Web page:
But when the flames were coming down the mountains, I bought a pack of American Spirits (the good cigarettes) and proceeded to smoke like a fiend, air quality be damned. Then I gave away the pack, keeping a few in my glove box as my "Armageddon cigarettes," you know, the ones you smoke when the world is coming to an end, or your world is anyway.
If only it wasn't so bad for you. When I'm smoking it's usually just a couple a day, but there is no really sane justification for the act of inhaling tobacco. I began while a college student in Madrid, and so smoking reminds me of black coffee in cafés, train rides, and coyly asking the nearest attractive man for a light. "Tienes fuego?" "Do you have fire?"
Both my parents smoked when I was a kid, but quit. I succumbed to peer pressure because, hanging out in nightclubs and cafés in Spain I looked even more Californian /American as a non-smoker. I remember people proffering cigarettes from their packs like sticks of gum while standing around, drinking "copas." I had a lover who smoked "el tabaco negro." He was from Cataluña, and is probably dead now, or very sick, he smoked so damn much.
So, smoking recalls my mis-spent youth. I imagine it confers an erotic elegance to my persona, and is my comfort when the old hand to mouth thing kicks in when I'm sad or nervous. I should have kept sucking my thumb instead. Then there's that subversive urge to say, the hell with it, who wants to live a long time anyway? Old movies were also my downfall. Watching them now I marvel at the complete abandon the actors have in smoking (and drinking.) Lucky sods. Until they got old and had to breathe out of a tube.
In Japan, it seems the population's longevity adversely impacts the universal health care system. Hence, the amusing tobacco warning on packs there—"Please, try not to smoke too much." Long, lonely drives in my car were always a problem, the siren call of the cigarette louder than usual. Plus I have probably risked my life digging about in my purse (while driving) for a mint or a stick of gum immediately after smoking, to "cleanse my palate" so to speak.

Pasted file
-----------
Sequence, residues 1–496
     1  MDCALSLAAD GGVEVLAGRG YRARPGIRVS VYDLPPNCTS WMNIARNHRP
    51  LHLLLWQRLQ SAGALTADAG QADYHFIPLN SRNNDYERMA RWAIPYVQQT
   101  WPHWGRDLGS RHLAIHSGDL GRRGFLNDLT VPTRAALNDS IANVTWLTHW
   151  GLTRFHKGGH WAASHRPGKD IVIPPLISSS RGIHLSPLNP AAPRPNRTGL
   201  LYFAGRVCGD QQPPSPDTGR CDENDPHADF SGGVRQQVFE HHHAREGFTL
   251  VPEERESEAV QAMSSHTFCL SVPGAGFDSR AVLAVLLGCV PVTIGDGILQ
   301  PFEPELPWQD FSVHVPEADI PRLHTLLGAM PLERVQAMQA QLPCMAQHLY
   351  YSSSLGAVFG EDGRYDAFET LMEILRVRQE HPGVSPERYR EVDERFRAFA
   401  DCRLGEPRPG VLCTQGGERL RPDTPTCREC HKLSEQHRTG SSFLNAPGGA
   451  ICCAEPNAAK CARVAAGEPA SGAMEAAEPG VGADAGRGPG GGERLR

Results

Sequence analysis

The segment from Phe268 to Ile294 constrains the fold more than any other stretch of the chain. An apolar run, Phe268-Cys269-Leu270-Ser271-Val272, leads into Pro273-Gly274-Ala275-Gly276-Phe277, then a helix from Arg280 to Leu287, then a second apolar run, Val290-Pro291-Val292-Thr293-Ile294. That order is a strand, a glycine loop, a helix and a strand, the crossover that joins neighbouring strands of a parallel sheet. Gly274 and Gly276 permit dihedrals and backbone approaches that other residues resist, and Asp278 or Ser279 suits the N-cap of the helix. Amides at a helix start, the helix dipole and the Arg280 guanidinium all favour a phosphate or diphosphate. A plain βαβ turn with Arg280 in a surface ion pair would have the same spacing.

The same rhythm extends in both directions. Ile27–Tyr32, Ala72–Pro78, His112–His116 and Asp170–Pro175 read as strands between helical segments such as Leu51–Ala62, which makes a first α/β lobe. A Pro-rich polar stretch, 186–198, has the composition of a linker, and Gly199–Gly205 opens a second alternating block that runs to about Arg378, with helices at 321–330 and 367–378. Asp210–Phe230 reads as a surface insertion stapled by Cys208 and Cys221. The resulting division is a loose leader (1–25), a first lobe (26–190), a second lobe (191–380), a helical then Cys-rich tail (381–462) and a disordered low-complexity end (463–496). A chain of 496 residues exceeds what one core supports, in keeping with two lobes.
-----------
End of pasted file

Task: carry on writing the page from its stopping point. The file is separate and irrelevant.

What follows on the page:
I'm of the tobacco smoke screen school, using it to shut down feelings, and gather my thoughts instead. Like any addiction, it's being intimate with a habit instead of with myself or other human beings. Having a smoke is just so much damn easier than that.
Sometimes I take tiny cocktail straws, those itty bitty ones, and breathe through them, since someone once told me the experience mimics emphysema. OK, OK, so I'm quitting again, this is the point of this post, to really "grow up," bust myself on this nasty, secret habit and come clean for good.
Let's take a poll: Will I succeed this time? What will the last cigarette be like? Will I have a ritual and burn that last pack, or ask a friend (again) to store it in her kitchen drawer, 40 miles away from me? Will I lament losing my sense of immortality? Will I keep one or two hidden ones back, to enjoy without guilt when I find them weeks later? I've given up on my Birthday, and on New Year's many times over. I've pondered that last cigarette, infusing it with all kinds of meaning. I will remember everything in that moment. I'll be like the Indian (on the American Spirit package!) smoking my peace pipe one last time.
I'll tell you a secret: what works for me now is not concern for my lungs, but for the skin on my face. I love my face, and as I approach (finally) maturity (the half-century mark is looming) it is falling, just a bit. Smoking....get this...causes WRINKLES. This cannot be. I will fight crow's feet (which I can see) harder than polluted lungs (which I cannot.)
I smoked my last cigarette last night on Highway One, driving home after enjoying a cocktail with a girlfriend in Monterey. When I pulled over to heed nature's call (hey, it's something we Big Sur girls do discreetly outdoors, one of life's lesser known pleasures) I looked up to see something I haven't seen since before the fire: the glorious Milky Way. YES! The Moon and the Milky Way, the real reasons I live on this coast.
You know the problem with the "Armageddon cigarette" approach? I always smoke that damn last cigarette before Armageddon, which of course is always just around the corner. But I'm going to make a public commitment here, to really stop. So Mom, if you're reading this, that was my last cigarette at 10:30pm last night, driving over Bixby Bridge. For real.